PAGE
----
The Power of Claiming My Craft as a Writer


Sometimes I grow tired of myself. I grow tired of the doubt and insecurity. Exhausted by pride and fear and love and desperation, I am cautious when I want to be curious, I am still when I want to be wild, I speak when I should be listening. I am a walking contradiction. 

I write, but I struggle with calling myself a writer. The idea of calling myself a writer aloud is enough to ignite the butterflies of my innards. Despite writing almost every day, it is a title I feel I have yet to earn, a vocation for which I do not feel worthy. Maybe it’s because I don’t do it for money. Maybe it’s because I’m not starving in Paris in the 1940s and I write on my laptop. Maybe because it has never been something I choose to do, it just is something I do. 

It was a brisk night in Berlin and these contradictions weighed heavy on my shoulders. Why is the mind so hard on itself? Why are we so often our own biggest obstacle? I stepped off the metro in the Kreuzberg neighborhood and took a deep breath. Beneath the graffiti musk of the city was the scent of something big and white and a little damp, the eau de December that fills your lungs all the way to the top and sends crystalline drops of anticipation through your blood, the smell of snow not here yet but undoubtedly on its way. Map

I passed office buildings and kebab kiosks—hurrying because I was late but stopping frequently because I had no idea where I was going. I was hoping to sit in on a community choir rehearsal for my research on how people use music to tell stories. However, in a new city with a new language and in the dark of night, you really just have to cross your fingers, resist the tantalizing odor of sizzling falafel, and hope to stumble into the right place.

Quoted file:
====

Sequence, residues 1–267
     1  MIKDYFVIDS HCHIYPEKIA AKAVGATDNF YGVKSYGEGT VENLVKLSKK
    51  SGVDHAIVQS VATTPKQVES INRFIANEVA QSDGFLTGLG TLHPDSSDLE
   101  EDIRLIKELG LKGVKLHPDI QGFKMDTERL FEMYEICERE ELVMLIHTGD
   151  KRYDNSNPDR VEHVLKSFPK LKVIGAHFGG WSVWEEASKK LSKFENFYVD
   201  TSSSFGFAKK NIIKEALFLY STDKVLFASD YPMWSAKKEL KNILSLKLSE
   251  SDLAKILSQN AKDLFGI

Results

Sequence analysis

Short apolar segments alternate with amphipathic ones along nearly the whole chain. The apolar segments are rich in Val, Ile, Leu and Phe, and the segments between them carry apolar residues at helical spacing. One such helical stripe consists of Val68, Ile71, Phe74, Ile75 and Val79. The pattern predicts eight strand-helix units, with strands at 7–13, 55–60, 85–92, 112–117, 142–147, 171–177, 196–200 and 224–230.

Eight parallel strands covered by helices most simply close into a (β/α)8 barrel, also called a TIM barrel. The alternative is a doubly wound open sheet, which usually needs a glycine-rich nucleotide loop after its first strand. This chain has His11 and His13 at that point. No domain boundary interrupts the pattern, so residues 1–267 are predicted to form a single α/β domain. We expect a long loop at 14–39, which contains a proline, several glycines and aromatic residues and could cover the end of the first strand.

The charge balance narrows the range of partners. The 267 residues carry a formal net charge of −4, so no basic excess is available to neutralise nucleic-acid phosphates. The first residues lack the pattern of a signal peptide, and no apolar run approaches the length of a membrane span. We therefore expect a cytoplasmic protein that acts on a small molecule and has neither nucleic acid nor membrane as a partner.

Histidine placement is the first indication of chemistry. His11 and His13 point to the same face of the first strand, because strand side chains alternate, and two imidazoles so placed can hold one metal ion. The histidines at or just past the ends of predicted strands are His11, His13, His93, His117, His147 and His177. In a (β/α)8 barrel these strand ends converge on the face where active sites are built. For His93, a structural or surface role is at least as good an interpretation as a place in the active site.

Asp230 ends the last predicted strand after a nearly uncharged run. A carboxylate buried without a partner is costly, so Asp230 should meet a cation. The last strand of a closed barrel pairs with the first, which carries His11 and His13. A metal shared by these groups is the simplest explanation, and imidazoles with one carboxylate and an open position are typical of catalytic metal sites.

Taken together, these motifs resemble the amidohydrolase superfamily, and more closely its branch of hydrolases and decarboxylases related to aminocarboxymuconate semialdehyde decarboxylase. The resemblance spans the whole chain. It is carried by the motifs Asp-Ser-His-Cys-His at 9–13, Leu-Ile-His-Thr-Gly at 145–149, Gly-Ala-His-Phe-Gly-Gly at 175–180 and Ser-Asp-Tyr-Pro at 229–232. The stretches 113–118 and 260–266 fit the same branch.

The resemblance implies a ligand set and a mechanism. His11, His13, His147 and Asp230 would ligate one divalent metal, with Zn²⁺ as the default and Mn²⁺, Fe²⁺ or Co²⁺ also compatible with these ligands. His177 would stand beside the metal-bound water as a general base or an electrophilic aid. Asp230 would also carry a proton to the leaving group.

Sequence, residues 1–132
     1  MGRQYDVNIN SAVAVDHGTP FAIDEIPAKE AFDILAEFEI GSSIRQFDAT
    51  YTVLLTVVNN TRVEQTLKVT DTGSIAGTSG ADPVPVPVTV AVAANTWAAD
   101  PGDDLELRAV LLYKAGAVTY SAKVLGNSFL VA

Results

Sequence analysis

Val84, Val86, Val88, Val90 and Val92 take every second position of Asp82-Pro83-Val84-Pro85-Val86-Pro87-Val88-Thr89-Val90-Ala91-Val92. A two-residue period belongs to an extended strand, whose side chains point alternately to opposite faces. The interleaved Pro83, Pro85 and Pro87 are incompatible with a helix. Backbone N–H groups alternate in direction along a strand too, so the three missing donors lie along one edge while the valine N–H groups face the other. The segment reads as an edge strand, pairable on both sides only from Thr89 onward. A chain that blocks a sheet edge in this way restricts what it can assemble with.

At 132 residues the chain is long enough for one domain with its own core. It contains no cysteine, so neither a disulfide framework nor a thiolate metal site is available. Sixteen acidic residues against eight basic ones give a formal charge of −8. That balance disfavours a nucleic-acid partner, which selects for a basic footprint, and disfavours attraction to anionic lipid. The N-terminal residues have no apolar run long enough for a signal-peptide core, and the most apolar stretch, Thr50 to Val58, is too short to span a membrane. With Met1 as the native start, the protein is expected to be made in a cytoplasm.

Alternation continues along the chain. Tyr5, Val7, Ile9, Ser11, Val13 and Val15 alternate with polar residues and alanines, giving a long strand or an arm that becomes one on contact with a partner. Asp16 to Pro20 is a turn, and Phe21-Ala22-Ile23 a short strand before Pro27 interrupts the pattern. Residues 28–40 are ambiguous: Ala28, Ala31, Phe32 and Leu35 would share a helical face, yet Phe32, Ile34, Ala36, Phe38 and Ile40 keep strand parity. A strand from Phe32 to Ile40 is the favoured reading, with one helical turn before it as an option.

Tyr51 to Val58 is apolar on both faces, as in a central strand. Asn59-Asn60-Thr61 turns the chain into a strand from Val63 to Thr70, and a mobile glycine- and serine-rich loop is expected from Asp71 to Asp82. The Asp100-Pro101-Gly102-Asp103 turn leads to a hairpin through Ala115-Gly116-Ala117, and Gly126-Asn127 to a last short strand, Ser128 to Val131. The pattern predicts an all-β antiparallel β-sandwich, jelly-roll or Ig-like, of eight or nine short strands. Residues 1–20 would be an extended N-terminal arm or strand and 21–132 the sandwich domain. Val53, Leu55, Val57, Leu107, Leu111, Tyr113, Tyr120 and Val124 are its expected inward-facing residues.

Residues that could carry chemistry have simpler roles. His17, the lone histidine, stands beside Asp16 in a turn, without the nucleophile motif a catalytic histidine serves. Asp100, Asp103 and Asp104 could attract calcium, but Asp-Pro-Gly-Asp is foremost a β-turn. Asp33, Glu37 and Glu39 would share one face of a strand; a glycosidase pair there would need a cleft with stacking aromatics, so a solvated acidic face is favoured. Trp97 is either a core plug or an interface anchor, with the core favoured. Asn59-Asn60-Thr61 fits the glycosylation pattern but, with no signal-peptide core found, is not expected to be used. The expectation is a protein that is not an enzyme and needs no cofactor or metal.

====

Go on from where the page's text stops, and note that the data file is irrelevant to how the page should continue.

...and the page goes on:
Luckily, I did manage to find my intended destination: the basement of a church. During the rehearsal break, I was delighted to meet a diverse group of people who come together each week to just sing—businessmen and kindergarten teachers, yoga instructors and computer programmers. In a culture that is so insistent on dividing the performer from the observer, and the talented from the tone-deaf, it was refreshing to be in a place where those barriers relaxed and dissipated—where the divisions between people didn’t seem so important anymore. 

As is often the case in a room full of new acquaintances, I found myself attempting to gracefully answer the age-old question: “So, what is it that you do?” Normally, this is where I’d pause, or look down, or have a (hopefully brief) existential crisis. I might say “I’m a writer, sort of, but …” or “I’d like to be a writer someday …” 

After all, it’s difficult to know where being a writer begins. For me, learning the magic of writing was an awakening, and playing with it continues to be a quiet journey toward freedom, without an absolute beginning or end. My friend Amanda talks about being a writer as a daily practice—something to wake up to and meet in the morning. I look at the black etchings on a white page and see endless possibility. I use words to communicate, to explore, to laugh, to get at the heart of what it is I’m experiencing. For those of us who have always loved words, it is how we make our world, or at least how we make sense of it. Does that make it my job? Or is it bigger than that? 

On this brisk night in Berlin, I realized how tired I was of squirming around who I am, what I love, and the question of what it is I do. Who am I if I don’t have the courage to define myself, contradictions and all? If I don’t say it aloud, who will?

The woman standing across from me wore thin-rimmed glasses that magnified her chocolate eyes. “So, what do you do?” she asked, pleasantly. 

“I’m a writer,” I said, reveling in my three-word declaration free of anxiety and self-deprecation. 

I’m not sure why that day, of all days, was different from the rest, but in that room, cupping a steaming mug of black-tar coffee in my hands and inspired by the coexisting contradictions and dissolving barriers I had witnessed within that community choir, I wasn’t asking for permission or approval. I am a writer. That is what I do. It is so because I say so and I make it so.